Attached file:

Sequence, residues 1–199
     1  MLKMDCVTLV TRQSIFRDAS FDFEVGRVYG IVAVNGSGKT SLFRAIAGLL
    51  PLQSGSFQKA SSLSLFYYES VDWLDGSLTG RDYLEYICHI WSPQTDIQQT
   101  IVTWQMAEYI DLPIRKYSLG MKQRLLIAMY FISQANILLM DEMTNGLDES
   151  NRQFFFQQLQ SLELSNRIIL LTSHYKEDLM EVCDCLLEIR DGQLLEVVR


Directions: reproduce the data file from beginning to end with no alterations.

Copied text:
Sequence, residues 1–199
     1  MLKMDCVTLV TRQSIFRDAS FDFEVGRVYG IVAVNGSGKT SLFRAIAGLL
    51  PLQSGSFQKA SSLSLFYYES VDWLDGSLTG RDYLEYICHI WSPQTDIQQT
   101  IVTWQMAEYI DLPIRKYSLG MKQRLLIAMY FISQANILLM DEMTNGLDES
   151  NRQFFFQQLQ SLELSNRIIL LTSHYKEDLM EVCDCLLEIR DGQLLEVVR